I'm not necessarily advocating that everyone experiencing the grief of infertility during the holidays go out and buy a cashmere/fur coat (and please, if you're not a believer in fur just say it silently to yourself). But I am saying that for me, treating myself in that way was like telling myself that I deserved good things – and believing it. That seemingly superficial treat fulfilled me emotionally as well. I felt like I had something – even if it was just, for that moment, a thing – to look forward to again.

The other thing that helped me was given to me by a good friend, one of the first people I called about the miscarriage because she got it, and me, so well. She brought over a care package for me that included three CDs: one for moments of sadness, one for anger and one for hopefulness. I'm not sure which this particular song, "Ashes on Your Eyes," was on – to me it fits both "sad" and "hope" – but I played it so many times that, years from now, I may hear it and be once again in that time and place:

Ashes on Your Eyes - Deb Talan

Just about the time your heart breaks like a wheel

Not in a straight line, but all in pieces

Some you'll leave behind
on a road you won't revise

No, you won't revisit that dirty compromise.

Now you only dream in peaceful blue

The morning doesn't even scare you anymore

You are a phoenix with your feathers still a little wet

Baby, the ashes just look pretty on your eyes.

As with the coat, on the surface it is just a song but at the time it represented so much more to me – a perfect resonance with my emotions, a promise that I wasn't alone, a call for hope on the horizon. I began to believe that maybe, just maybe, I would soon dream in peaceful blue.

This year is different, fulfilling the hope that slowly emerged as I grieved one year ago. This year, my coat is in storage, and will remain there until next winter, when I've (hopefully) returned to my pre-pregnancy size. I'll take it out and, grateful for another Christmas, remember.

Monday, December 07, 2009

I Can't Complain

I've started a post three times now about a baby shower that was thrown for me by my mother last weekend, and I just can't get it out. Mainly, it's because every time I write about it I feel compelled to also talk about the shower thrown by a friend that was canceled because of my bleeding episode/bed rest orders. And then I complain about how disappointed I was about the whole thing. And then, remembering how, just one year ago, I would have killed to be in a position to have a baby shower to cancel, I feel ridiculous.

It's gotten me thinking about the emotional aspect of pregnancy after infertility. How truly challenging it is to navigate, in part because of the promises you make to yourself during treatment. About how you'll never be "one of those people" who waxes on about how happy they are. That you'll always remember how it feels to go through it, how others are still feeling right now while you're enjoying your pregnancy. And you certainly can't imagine ever complaining.

Except –and you wouldn't know this when you're making those promises to yourself, before you're actually pregnant – being pregnant after infertility is hard, too. I know that probably elicited some groans (I would have found it unbelievable myself) – at least you're pregnant, how hard can it be – but it's true. That feeling you get when you're going through a cycle, things are going well, and you're terrified that something will go wrong and bring you back to square one? It's a thousand times more intense when there's a growing baby inside of you. Every normal ultrasound, every healthy heartbeat you hear – they raise the stakes. Who would I be, you think, if something happened now? What would I do? Forget about it when something does come up, when you experience an actual complication.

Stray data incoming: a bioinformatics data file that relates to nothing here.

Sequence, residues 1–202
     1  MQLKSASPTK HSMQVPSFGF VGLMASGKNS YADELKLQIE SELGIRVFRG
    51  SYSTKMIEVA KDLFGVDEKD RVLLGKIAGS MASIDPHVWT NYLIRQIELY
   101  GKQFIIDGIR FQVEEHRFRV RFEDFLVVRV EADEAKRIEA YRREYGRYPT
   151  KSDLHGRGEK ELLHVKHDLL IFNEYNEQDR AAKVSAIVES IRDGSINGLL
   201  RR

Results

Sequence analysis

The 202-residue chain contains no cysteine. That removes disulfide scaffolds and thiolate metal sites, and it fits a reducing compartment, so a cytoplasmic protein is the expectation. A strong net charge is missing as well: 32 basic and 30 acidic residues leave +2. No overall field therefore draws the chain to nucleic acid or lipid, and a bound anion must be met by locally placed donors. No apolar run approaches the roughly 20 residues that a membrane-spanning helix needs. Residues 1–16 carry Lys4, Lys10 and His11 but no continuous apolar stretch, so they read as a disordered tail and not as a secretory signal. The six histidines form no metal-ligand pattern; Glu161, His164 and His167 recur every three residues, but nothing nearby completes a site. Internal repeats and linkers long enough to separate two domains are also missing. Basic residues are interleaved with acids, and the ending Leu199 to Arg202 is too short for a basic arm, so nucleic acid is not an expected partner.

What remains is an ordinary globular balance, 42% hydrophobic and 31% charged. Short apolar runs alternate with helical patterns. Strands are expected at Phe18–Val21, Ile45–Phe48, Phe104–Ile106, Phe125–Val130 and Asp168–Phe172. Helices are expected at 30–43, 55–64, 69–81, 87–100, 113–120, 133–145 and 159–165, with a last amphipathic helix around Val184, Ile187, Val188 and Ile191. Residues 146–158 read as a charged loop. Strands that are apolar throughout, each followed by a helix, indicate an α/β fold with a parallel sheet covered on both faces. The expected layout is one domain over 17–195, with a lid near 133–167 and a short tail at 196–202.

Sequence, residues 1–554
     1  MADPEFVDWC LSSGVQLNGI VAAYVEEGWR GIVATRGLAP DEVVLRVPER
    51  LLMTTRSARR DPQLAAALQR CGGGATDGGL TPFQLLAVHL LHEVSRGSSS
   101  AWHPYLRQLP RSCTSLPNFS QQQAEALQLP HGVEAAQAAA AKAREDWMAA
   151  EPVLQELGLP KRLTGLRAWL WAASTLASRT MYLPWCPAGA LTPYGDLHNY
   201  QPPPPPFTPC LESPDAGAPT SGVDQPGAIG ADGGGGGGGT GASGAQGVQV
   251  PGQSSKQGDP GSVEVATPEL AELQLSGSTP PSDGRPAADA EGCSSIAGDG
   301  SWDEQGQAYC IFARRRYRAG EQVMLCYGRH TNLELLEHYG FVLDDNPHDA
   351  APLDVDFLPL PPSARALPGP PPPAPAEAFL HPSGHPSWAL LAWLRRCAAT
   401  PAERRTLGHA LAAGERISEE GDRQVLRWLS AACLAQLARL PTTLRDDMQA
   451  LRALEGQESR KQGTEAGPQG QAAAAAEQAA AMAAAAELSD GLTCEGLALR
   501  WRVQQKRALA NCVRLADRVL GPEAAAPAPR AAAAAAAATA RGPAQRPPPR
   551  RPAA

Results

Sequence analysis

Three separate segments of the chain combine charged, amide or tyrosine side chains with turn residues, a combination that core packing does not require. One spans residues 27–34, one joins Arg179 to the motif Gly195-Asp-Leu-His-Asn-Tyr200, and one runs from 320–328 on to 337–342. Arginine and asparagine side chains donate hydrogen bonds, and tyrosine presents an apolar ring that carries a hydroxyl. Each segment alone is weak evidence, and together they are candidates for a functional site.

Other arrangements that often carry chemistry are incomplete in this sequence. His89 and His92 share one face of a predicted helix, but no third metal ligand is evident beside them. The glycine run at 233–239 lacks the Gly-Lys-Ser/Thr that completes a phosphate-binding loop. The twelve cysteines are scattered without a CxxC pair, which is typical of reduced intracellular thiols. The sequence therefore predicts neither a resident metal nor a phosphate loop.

And that's just the emotional aspect of it. Before you get pregnant, you picture yourself in maternal glory, a delicious bump on your belly (and only your belly, the rest of you naturally as svelte as ever), a radiant, halo-like glow surrounding you. You know what I say to that? Screw Hollywood. Thanks a lot Sarah Jessica, Heidi, Halle and the whole lot of you with makeup artists and personal trainers and access to million-dollar maternity wardrobes. Because the rest of us? Can't afford to stand up to your perfect-pregnancy images.

The truth is, pregnancy isn't always beautiful or comfortable. And it doesn't matter how much you wanted it, how hard you worked for it, how ever-grateful you are that you have it. Because when you have a fireball in your chest and toss and turn all night and have an odd painful numbness in your hip all day and can't leave your couch because you're put on bed rest and have hair growing in odd places, colostrum leaking out of your huge, painful boobs and see your first stretch marks, you know what? It's not all fun and games. You're human, not some Pollyanna Stepford Wife, and you don't have to pretend that these sucky parts don't exist. In fact, if you ask me, all the hard work you put in to get pregnant gives you even more right to be perfectly honest about what it's like – you get to commiserate about the less appealing aspects and seize and celebrate all of the moments of hope and joy you feel along the way.

The shower I had last weekend, while not exactly what I'd imagined (still on bed rest, I felt like the Pope or the Queen sitting in waiting on my couch while my aunts, cousins and longtime family friends paid me visit), was wonderful. My family – many of whom know what I've been through on the way here – was genuinely happy for me. They brought me the sweetest gifts, complete with a diaper cake. I reveled in the cozy kitschiness of it, this time-honored tradition that was finally, finally being celebrated for me. I got the milestone I thought I might never reach.

Believe me, I will never forget what that's like, wondering whether you will ever, ever see a baby shower invitation and feel joy rather than pain. I am right there with those who are still in the infertility leg of the journey. I truly hope to hear you both celebrate and complain about – profusely and unapologetically – your own pregnancy fears, discomforts, joys and surprises, very, very soon.